Giants

Why umpire made Gausman wipe arm early in Giants-A's game

Giants
Kevin Gausman and Phil Cuzzi

The sight of umpires checking pitchers for foreign substances as they come off the mound has become commonplace during MLB games over the last few months.

But during the Giants' thrilling 6-5 comeback win over the Athletics on Saturday at the Oakland Coliseum, there was a new spin on the umpire checks, which started as way to rid the game of sticky substances.

Prior to the bottom of the second inning, home plate umpire Phil Cuzzi walked out to the mound and handed Giants starting pitcher Kevin Gausman a towel.

Gausman proceeded to wipe his left forearm before handing the towel back to Cuzzi.

After the win, Giants manager Gabe Kapler explained what the interaction between Gausman and Cuzzi was all about.

"Pitchers are no permitted to put rosin anywhere but on their pitching hand, and Gaus has a little bit of a habit to put rosin on his forearm," Kapler said. "I thought Phil handled it great. He said 'You need to wipe that off.' And Gaus just mindlessly puts rosin there as a way to dry his arm, but I thought Phil did a great job. Just reminded him he can't do that, told him to wipe off the rosin and that was that."

Gausman, who was one of the best pitchers in baseball prior to the All-Star break, struggled again Saturday, managing to last just 3 2/3 innings against the A's.

Hurt by a first-inning error that led to three unearned runs, Gausman allowed six hits, five runs, two earned runs, walked one and struck out five. He threw 82 pitches, 59 of which were strikes.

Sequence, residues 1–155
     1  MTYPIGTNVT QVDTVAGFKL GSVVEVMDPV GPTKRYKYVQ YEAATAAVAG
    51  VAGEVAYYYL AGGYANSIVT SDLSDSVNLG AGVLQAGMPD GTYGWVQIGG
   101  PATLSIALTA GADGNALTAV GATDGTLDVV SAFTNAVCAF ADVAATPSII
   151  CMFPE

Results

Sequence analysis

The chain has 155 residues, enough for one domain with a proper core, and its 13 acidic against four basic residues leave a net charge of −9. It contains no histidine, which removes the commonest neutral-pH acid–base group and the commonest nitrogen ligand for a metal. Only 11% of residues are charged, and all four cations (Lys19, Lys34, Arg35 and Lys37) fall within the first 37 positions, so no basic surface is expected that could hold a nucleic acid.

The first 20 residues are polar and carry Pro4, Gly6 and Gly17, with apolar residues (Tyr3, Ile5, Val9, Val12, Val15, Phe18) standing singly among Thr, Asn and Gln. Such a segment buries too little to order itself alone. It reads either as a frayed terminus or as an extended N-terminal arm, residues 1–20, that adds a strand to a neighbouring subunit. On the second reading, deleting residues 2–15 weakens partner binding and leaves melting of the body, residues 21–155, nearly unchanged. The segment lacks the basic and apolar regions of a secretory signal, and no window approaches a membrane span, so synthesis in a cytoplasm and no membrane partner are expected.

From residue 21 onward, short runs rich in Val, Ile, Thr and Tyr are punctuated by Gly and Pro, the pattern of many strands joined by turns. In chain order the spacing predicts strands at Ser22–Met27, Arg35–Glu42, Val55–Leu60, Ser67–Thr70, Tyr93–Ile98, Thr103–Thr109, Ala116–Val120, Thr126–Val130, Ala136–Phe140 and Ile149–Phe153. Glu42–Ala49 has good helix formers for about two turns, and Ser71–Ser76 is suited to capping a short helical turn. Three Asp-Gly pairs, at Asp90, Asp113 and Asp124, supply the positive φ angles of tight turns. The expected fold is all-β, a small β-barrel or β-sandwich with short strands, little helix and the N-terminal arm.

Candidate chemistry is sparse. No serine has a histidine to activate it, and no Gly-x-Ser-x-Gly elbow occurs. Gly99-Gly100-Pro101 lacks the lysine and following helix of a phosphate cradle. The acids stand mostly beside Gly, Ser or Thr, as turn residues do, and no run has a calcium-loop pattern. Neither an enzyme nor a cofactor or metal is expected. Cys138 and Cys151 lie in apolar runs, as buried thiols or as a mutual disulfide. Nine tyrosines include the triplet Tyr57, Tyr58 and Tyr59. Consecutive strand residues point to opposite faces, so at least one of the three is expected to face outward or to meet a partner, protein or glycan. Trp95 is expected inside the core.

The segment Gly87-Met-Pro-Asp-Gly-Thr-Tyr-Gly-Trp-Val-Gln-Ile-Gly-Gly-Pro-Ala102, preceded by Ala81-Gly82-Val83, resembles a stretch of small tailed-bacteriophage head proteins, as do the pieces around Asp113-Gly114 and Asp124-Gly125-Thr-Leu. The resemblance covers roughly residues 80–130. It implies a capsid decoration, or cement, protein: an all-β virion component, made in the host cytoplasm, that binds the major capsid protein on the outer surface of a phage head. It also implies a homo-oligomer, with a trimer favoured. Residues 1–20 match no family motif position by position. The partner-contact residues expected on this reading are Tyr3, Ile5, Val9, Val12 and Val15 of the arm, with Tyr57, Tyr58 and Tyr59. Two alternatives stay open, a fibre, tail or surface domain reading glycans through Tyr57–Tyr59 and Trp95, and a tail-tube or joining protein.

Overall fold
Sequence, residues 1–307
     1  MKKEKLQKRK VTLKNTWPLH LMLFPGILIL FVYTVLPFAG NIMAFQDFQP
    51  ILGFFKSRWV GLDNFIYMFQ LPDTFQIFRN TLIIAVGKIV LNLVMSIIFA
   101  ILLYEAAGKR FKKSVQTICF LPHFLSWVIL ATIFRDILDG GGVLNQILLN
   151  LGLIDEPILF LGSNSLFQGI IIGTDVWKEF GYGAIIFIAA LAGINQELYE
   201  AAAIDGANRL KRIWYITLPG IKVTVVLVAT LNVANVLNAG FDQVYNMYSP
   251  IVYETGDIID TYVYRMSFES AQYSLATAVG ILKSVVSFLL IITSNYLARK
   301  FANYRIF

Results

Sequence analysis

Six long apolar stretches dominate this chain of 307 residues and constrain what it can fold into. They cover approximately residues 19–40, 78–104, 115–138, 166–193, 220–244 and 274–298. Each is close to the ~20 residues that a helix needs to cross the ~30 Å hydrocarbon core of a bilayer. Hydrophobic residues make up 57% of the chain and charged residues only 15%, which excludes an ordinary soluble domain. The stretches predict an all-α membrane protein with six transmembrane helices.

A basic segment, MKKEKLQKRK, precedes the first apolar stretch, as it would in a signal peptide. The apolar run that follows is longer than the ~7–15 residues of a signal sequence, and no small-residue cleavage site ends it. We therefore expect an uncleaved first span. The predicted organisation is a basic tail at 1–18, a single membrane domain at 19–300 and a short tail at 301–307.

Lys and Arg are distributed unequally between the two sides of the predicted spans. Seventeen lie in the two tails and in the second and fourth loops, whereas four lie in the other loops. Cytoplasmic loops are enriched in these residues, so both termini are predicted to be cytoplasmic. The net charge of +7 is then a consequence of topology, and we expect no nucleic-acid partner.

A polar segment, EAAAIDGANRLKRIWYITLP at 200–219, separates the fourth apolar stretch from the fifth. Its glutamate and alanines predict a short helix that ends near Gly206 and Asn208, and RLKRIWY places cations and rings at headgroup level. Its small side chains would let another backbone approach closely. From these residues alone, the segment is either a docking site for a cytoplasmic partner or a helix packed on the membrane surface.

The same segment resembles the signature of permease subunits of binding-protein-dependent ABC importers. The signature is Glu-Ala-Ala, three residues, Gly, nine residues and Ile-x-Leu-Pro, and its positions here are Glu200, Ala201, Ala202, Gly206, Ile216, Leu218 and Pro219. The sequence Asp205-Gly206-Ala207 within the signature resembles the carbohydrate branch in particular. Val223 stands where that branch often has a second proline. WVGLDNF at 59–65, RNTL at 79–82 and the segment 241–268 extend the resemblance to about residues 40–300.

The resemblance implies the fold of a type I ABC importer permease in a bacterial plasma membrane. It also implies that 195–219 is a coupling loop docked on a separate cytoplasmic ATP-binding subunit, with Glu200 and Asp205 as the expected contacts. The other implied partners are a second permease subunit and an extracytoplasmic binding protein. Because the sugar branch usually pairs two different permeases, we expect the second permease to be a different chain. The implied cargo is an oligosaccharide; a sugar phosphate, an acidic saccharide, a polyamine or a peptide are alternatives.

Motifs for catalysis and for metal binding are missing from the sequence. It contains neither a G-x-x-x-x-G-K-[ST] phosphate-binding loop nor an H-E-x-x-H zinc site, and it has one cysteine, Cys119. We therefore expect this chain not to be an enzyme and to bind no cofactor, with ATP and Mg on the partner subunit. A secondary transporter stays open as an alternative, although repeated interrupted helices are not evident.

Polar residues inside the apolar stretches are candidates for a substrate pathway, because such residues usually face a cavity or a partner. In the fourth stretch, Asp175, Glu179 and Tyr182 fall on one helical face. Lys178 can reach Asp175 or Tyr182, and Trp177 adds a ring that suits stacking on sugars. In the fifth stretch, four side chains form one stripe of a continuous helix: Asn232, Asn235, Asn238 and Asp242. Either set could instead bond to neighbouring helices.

"Not his best outing. I'm sure you'll talk to Kevin and he'll tell you the same," Kapler said. "Casali said the split was fine and it was improve, to some degree. He wasn't getting as many swings and misses as we'd like and obviously that leads to foul balls and deeper counts, which is why he was running a high pitch count there when we had to go get him with Jarlin."

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Gausman finished the first half of the season with a 1.84 ERA, but in seven starts since then, it has risen to 2.47.

"I definitely haven't been as sharp as I was early in the season," Gausman said after the game. "My split still is really good, but I feel like it hasn't had that extra little bite towards the end. So whereas I usually get a swing and miss, maybe I'm getting more foul balls. The book is out on me. I think guys know what they are going to get, so if I'm not on, they can do a good job of fouling pitches off."

The Giants have known for several weeks that they need to get Gausman's struggles figured out. With a playoff spot almost assuredly secure at this point, they have time to get things ironed out. But the sooner the better if San Francisco wants to hold off the Los Angeles Dodgers in the NL West race.

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